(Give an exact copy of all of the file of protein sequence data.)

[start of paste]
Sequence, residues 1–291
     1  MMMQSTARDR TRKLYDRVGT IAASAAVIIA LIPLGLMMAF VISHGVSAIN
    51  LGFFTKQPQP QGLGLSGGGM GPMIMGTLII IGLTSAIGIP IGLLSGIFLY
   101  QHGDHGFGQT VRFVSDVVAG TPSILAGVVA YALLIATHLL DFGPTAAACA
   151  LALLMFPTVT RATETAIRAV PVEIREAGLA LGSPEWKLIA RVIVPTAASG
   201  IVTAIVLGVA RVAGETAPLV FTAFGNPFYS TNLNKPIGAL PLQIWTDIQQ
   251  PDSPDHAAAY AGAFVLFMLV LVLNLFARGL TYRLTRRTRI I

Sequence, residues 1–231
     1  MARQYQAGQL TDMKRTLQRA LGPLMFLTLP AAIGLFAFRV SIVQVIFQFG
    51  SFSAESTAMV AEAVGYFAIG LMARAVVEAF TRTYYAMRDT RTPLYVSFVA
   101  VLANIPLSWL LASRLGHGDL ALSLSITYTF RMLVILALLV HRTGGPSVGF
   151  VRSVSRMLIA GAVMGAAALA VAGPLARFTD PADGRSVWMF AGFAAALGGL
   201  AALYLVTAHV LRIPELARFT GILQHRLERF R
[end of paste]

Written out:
Sequence, residues 1–291
     1  MMMQSTARDR TRKLYDRVGT IAASAAVIIA LIPLGLMMAF VISHGVSAIN
    51  LGFFTKQPQP QGLGLSGGGM GPMIMGTLII IGLTSAIGIP IGLLSGIFLY
   101  QHGDHGFGQT VRFVSDVVAG TPSILAGVVA YALLIATHLL DFGPTAAACA
   151  LALLMFPTVT RATETAIRAV PVEIREAGLA LGSPEWKLIA RVIVPTAASG
   201  IVTAIVLGVA RVAGETAPLV FTAFGNPFYS TNLNKPIGAL PLQIWTDIQQ
   251  PDSPDHAAAY AGAFVLFMLV LVLNLFARGL TYRLTRRTRI I

Sequence, residues 1–231
     1  MARQYQAGQL TDMKRTLQRA LGPLMFLTLP AAIGLFAFRV SIVQVIFQFG
    51  SFSAESTAMV AEAVGYFAIG LMARAVVEAF TRTYYAMRDT RTPLYVSFVA
   101  VLANIPLSWL LASRLGHGDL ALSLSITYTF RMLVILALLV HRTGGPSVGF
   151  VRSVSRMLIA GAVMGAAALA VAGPLARFTD PADGRSVWMF AGFAAALGGL
   201  AALYLVTAHV LRIPELARFT GILQHRLERF R